Kae Kurd's family fled Iraq during Saddam Hussein's brutal regime, but he uses his humour to share his adversity in an alternative way, as he tells Entertainment Reporter Rishi Davda
Kae Kurd complicated things for me as an interviewer. I was laughing so much that I could barely get my questions out. I guess that's an occupational hazard when chatting to a comedian.
At 33, Kae's talent has taken him to some of the country's biggest stages - including two performances on the iconic Live at the Apollo.
It isn't just in front of the camera where he brings the laughs, Kae has written for shows like A League of Their Own and Have I Got News For You.
Although things are going seemingly swimmingly now, Kae notes that it wasn't easy when he first picked up the microphone.
He tells me: "I remember getting on stage, someone telling me to do five minutes and I did three. I got one laugh, and I ran off.
"But I remember the buzz I got, there is this level of pressure that you don't get from just normal public speaking."
Having watched both of Kae's two previous comedy specials, he's certainly get more than just the solitary laugh now.
It's arguably the story of his early life that sets Kae apart from the rest on the comedy circuit.
He and his parents came to the UK in 1990 as refugees. His mum and dad were part of the resistance movement fighting against Saddam Hussein's regime in Iraq.
Thinking about what his parents endured before escaping, Kae reflects that he "doesn't even like paintballing."
"The idea of sending me into battle is just...I don't know how I would have dealt with (what my parents went through). It really puts things into perspective," he said.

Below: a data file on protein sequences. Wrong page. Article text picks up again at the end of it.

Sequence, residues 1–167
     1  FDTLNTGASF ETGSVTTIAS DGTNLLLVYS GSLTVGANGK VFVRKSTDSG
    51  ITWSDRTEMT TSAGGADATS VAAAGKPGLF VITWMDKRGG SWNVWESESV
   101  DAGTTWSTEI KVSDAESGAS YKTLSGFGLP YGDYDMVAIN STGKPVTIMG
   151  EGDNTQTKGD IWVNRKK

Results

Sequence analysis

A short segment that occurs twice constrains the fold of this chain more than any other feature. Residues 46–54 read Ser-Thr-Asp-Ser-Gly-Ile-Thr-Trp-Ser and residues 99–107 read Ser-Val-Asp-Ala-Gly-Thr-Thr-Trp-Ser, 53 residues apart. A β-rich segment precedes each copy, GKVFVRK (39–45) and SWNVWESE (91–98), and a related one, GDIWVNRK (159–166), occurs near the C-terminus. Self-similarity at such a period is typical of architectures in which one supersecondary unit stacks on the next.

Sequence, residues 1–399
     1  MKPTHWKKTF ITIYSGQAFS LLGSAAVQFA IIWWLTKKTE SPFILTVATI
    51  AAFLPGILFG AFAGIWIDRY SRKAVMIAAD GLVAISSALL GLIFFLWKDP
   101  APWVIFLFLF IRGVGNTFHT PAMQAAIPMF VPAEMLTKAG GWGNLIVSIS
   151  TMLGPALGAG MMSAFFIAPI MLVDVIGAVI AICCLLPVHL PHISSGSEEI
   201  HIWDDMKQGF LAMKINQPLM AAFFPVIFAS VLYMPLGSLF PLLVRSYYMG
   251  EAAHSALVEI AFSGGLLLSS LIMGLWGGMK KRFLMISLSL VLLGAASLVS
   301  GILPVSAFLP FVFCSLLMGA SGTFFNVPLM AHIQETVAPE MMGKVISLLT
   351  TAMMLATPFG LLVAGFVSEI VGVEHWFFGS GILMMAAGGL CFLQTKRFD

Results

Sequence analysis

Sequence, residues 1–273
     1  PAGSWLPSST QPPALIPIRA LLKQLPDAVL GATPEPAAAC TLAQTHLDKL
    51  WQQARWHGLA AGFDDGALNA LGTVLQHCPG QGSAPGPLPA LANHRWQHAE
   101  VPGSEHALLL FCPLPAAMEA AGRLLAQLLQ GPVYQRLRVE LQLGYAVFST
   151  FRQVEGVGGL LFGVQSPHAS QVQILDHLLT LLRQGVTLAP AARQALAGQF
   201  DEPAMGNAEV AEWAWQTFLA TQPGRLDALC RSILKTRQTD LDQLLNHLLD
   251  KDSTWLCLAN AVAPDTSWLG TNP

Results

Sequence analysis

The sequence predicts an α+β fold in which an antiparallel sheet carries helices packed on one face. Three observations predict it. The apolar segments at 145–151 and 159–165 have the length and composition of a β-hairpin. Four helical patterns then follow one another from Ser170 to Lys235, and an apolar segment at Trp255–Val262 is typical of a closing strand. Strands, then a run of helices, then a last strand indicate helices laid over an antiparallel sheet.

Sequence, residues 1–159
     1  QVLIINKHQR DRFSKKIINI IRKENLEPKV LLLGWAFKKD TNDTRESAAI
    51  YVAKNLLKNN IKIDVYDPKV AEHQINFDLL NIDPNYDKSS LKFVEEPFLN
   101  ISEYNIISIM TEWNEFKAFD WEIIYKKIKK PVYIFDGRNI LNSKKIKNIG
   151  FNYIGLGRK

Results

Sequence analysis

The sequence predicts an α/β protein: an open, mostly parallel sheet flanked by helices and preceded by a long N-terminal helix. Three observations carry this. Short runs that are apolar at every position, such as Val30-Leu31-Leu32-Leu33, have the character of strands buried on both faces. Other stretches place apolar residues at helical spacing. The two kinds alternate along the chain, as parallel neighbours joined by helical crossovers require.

Much of Kae's early comedy focused on the issues of race, identity and growing up in the UK.
Kae is of Kurdish heritage - Kurds are the largest ethnic group in the world without their own state.
In his act, the south-Londoner often makes light of the situation surrounding migrants, asylum seekers and refugees.
However, he believes some of the mainstream rhetoric around the topic can be damaging in the long-term.
"When you use certain words to describe people, like when you use words like 'swarm', you vilify groups like this. It can cause a lot of resentment that can take decades to get rid of," he said.
Kae - whose real name is Korang Abdulla - is heading out on tour once again, his latest is called 'Kurd Immunity'.
Before he was filling theatres, the stand-up comedian relied on the internet to help get his name out there.
He praises its power, saying "the accessibility that social media has provided has eliminated a lot of those barriers that you would have had. It's great to see a lot of working-class, northern comics taking advantage of it."
"People all over the place are finding their own pockets of audiences and not necessarily being at the mercy of a TV commissioner."
Kurd Immunity starts on September 22 in Birmingham.
Tune into the ITV News entertainment podcast, Unscripted...